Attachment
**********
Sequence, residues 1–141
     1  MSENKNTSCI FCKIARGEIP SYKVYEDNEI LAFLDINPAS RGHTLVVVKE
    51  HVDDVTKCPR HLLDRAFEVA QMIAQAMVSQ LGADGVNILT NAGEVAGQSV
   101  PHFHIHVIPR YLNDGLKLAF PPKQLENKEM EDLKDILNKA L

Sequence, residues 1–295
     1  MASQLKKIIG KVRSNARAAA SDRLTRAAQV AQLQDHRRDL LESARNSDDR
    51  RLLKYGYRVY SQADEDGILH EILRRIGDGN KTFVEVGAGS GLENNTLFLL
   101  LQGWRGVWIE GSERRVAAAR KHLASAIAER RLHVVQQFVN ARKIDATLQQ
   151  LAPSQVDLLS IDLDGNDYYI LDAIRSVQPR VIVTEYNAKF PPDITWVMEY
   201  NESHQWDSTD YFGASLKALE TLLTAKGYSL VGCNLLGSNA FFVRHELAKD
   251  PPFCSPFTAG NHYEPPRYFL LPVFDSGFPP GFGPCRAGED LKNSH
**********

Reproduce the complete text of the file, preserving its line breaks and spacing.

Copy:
Sequence, residues 1–141
     1  MSENKNTSCI FCKIARGEIP SYKVYEDNEI LAFLDINPAS RGHTLVVVKE
    51  HVDDVTKCPR HLLDRAFEVA QMIAQAMVSQ LGADGVNILT NAGEVAGQSV
   101  PHFHIHVIPR YLNDGLKLAF PPKQLENKEM EDLKDILNKA L

Sequence, residues 1–295
     1  MASQLKKIIG KVRSNARAAA SDRLTRAAQV AQLQDHRRDL LESARNSDDR
    51  RLLKYGYRVY SQADEDGILH EILRRIGDGN KTFVEVGAGS GLENNTLFLL
   101  LQGWRGVWIE GSERRVAAAR KHLASAIAER RLHVVQQFVN ARKIDATLQQ
   151  LAPSQVDLLS IDLDGNDYYI LDAIRSVQPR VIVTEYNAKF PPDITWVMEY
   201  NESHQWDSTD YFGASLKALE TLLTAKGYSL VGCNLLGSNA FFVRHELAKD
   251  PPFCSPFTAG NHYEPPRYFL LPVFDSGFPP GFGPCRAGED LKNSH